A window manager is software that manages the windows that applications bring up. For example, when you start an application, there will be a window manager running in the background, responsible for the placement and appearance of windows.
It is important not to confuse a window manager with a desktop environment. A desktop environment typically consists of icons, windows, toolbars, folders, wallpapers, and desktop widgets. They provide a collection of libraries and applications made to operate cohesively together. A desktop environment contains its own window manager.
There are four main types of window manager: Compositing, stacking, tiling, and dynamic. This article focuses on selecting the best managers that fit these classes.
Compositing window managers allow windows to be created and drawn separately and then put together and displayed in various 2D and 3D environments.
Stacking window managers allow windows to overlap by drawing background windows first.
Tiling window managers ensure that no window ever covers another.
A dynamic window manager is a tiling window manager where windows are tiled based on preset layouts between which the user can switch. Layouts typically have a main area and a secondary area. The main area usually shows one window, but one can also change the number of windows in this area. Its purpose is to reserve more space for the more important window(s). The secondary area shows the other windows.
To provide an insight into the quality of software that is available, we have rated the best 23 high quality free Linux window managers. Hopefully, there will be something of interest for anyone who wishes to have more control over managing their desktop.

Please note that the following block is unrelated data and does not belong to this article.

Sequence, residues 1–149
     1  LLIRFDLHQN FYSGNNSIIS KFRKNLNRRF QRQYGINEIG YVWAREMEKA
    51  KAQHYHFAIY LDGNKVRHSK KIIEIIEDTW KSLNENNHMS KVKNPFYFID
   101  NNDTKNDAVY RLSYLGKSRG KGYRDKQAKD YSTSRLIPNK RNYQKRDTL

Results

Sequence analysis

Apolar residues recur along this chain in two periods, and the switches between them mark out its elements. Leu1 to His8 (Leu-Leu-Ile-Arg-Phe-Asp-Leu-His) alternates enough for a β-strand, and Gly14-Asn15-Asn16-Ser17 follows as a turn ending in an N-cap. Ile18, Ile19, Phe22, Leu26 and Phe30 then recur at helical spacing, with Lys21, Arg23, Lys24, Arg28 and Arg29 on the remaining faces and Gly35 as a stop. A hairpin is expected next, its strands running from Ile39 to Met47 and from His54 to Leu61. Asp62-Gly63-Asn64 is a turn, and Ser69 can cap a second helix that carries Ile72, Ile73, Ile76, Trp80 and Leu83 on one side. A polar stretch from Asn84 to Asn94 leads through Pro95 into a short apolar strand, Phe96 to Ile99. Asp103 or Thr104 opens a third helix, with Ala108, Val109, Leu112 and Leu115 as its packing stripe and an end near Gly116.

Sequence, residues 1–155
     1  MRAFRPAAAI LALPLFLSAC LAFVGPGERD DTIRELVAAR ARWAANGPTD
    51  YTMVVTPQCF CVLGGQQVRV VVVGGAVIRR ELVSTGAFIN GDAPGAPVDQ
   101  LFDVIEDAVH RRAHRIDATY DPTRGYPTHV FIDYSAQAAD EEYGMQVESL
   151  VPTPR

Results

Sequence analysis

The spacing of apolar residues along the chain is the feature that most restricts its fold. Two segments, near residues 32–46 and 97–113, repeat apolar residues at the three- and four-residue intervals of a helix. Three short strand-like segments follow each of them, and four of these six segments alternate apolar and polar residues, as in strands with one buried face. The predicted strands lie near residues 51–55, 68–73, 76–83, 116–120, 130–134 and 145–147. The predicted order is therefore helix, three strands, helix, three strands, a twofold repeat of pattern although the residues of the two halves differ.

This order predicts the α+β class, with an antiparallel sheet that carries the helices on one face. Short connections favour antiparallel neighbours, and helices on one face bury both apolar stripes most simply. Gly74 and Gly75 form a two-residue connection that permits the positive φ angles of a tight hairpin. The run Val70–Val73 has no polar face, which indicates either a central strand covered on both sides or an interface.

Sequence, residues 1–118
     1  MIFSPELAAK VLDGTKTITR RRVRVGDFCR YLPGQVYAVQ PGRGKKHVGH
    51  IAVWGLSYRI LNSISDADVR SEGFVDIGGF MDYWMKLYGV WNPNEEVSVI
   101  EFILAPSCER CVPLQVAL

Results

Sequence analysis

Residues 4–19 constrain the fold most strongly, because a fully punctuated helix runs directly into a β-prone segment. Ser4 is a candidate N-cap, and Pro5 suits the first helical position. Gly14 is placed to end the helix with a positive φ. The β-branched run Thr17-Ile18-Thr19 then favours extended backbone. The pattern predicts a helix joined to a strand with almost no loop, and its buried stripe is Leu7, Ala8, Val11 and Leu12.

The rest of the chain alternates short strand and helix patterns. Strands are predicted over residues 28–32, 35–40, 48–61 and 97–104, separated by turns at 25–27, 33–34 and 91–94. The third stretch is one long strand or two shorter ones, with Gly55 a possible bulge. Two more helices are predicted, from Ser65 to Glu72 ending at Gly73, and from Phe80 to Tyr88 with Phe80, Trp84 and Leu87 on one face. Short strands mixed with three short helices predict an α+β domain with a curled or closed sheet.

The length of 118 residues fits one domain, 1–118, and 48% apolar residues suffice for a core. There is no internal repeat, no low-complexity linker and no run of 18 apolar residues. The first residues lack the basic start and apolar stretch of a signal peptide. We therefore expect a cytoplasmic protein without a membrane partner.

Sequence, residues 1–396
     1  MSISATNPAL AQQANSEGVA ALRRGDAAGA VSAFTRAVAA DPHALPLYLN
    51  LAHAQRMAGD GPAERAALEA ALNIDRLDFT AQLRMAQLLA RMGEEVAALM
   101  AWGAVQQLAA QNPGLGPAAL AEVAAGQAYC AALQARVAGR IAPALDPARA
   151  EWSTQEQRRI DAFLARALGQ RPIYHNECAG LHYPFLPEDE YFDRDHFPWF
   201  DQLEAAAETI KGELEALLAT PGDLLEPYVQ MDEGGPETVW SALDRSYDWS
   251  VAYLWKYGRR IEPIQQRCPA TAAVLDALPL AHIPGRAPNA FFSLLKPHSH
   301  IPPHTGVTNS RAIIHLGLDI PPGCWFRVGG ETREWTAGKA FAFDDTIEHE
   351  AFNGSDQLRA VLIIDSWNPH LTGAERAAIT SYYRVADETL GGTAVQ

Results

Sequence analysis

Now, let’s explore the 23 window managers at hand. For each title we have compiled its own portal page, providing a screenshot of the software in action, a full description with an in-depth analysis of its features, together with links to relevant resources.
|i3||Improved tiling window manager|
|Openbox||Standards compliant, fast, light-weight, extensible window manager|
|Xmonad||Minimalist, tiling window manager written in Haskell|
|KWin||Window manager for the KDE Plasma Desktop|
|dwm||Manages windows in tiled, monocle and floating layouts|
|bspwm||Based on binary space partitioning|
|awesome||Highly configurable, tiling window manager initially based on dwm code|
|Mutter||Wayland display server and X11 window manager and compositor library|
|StumpWM||Common Lisp window manager|
|Qtile||Full-featured, hackable tiling window manager|
|spectrwm||Small dynamic tiling and reparenting window manager|
|sowm||Itsy bitsy floating window manager|
|wmii||Lightweight tabbed and tiled|
|FVWM||Powerful ICCCM-compliant multiple virtual desktop window manager|
|sway||i3-compatible tiling Wayland compositor and a replacement for i3|
|herbstluftwm||Basic tiling concept is that the layout is represented by a binary tree|
|EXWM||Full-featured tiling X window manager for Emacs|
|Fluxbox||Highly configurable and low resource|
|xfwm||Part of the Xfce desktop environment|
|Compiz||OpenGL window and compositing manager|
|IceWM||Win95-OS/2-Motif-like window manager|
|Blackbox||Similar to the NeXT interface and Window Maker|
|JWM||Joe’s Window Manager|
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